Happy New Year!  The bulk of the traditional deer season has passed, yet there are still plenty of opportunities to score.  Many people like to begin the New Year with a hike, and that’s the perfect activity to boost your chances for success, this year or next.  Most Eastern state archery seasons extend into January and some early February.  Rather than just watching football, why not re-scout your favorite deer woods?

Many Fawns Breed in January

I live on the East Coast and in my area, about 60 percent of female fawns breed at this time.  Generally, once a whitetail yearling female reaches 60 pounds, it is mature enough to come into estrous and any buck in the area will be searching for the source of that scent.  If you haven’t been in your deer hunting area for a while, you may be surprised to find fresh scrapes and rubs, a sign that there is at least one active buck in the area.

Focus on Food

Deer will focus their activity on food and shelter as winter’s cold challenges their existence.  If you had a heavy acorn crop, there will still be mast in the leaves and the same trees that produced in mid-fall will be visited again.  With snow cover, deer will paw the ground to reach fall mast making these locations easy to identify. Standing corn is a magnet for deer and often bad weather forces farmers to delay the harvest.  Once picked, cornfields contain waste grain that will quickly draw deer.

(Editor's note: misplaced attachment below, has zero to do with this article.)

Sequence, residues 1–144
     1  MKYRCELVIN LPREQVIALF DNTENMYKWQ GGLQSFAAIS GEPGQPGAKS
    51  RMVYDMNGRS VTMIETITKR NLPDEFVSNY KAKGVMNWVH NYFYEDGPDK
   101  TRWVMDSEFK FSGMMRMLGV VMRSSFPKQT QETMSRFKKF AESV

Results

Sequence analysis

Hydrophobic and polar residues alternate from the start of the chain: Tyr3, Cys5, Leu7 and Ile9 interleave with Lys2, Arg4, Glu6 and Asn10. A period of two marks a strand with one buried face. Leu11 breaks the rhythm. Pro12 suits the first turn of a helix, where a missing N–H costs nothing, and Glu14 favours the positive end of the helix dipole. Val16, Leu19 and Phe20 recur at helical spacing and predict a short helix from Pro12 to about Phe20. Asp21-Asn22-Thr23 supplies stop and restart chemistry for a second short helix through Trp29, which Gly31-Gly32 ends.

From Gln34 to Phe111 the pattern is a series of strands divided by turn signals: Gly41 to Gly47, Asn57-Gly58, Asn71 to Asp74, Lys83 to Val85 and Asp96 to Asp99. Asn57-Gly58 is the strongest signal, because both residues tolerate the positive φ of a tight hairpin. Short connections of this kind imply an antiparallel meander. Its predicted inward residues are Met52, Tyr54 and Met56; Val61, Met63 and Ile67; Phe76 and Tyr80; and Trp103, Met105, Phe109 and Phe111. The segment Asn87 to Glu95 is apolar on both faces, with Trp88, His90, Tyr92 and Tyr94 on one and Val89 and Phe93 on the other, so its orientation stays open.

Consider Baiting Where Legal

Baiting can be very effective in late season but also has its downside.  If you hunt in a CWD zone, bringing deer together can increase the likelihood of this disease transmission, the reason it’s outlawed in some areas.  If you or your neighbors still have pumpkins, deer will eat them but you must bust the pumpkins to allow access to the seeds.  Once deer learn to eat pumpkins, they will eat the outer layer as well.

Reposition a Camera

If you are exploring new territory on your scouting trip, carry a motion sensor camera with you.  If you find an area of high deer traffic, post the camera and consider trees nearby or spots to place a ground blind.  Winter winds frequently flow from the North and West so keep the prevailing wind in mind as you consider a new hunting location.







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Recycle Halloween Pumpkins as Deer Food

By now most pumpkins have long passed the pumpkin pie stage.  Most are sitting on porches or in back yards where they will eventually rot and their nourishment dissolve into the soil.  Pumpkins make great deer food in late season and you can use it in a number of ways.  First, your local deer may not know what they are and typically you should break them open as in the picture above.  This allows the scent of the fruit to travel farther and be of greater allure.

Pumpkins are Bait so Don’t Break the Law

Feeding deer with pumpkins is a great idea but be mindful of local laws.  Baiting with apples, corn, and pumpkins is legal in Maryland but not so just 10 miles away in Pennsylvania.  I’ve been experimenting with pumpkins as “camera bait” and using their nutrients to access how many big bucks survived in the area of my cameras.  Once deer learn that these orange object keep popping up like mushrooms, they will return.  Expect big bucks at this time of the year to only feed in darkness due to recent hunting pressure.  It’s likely that your neighbors have a batch sitting around so don’t wait too long before asking for them.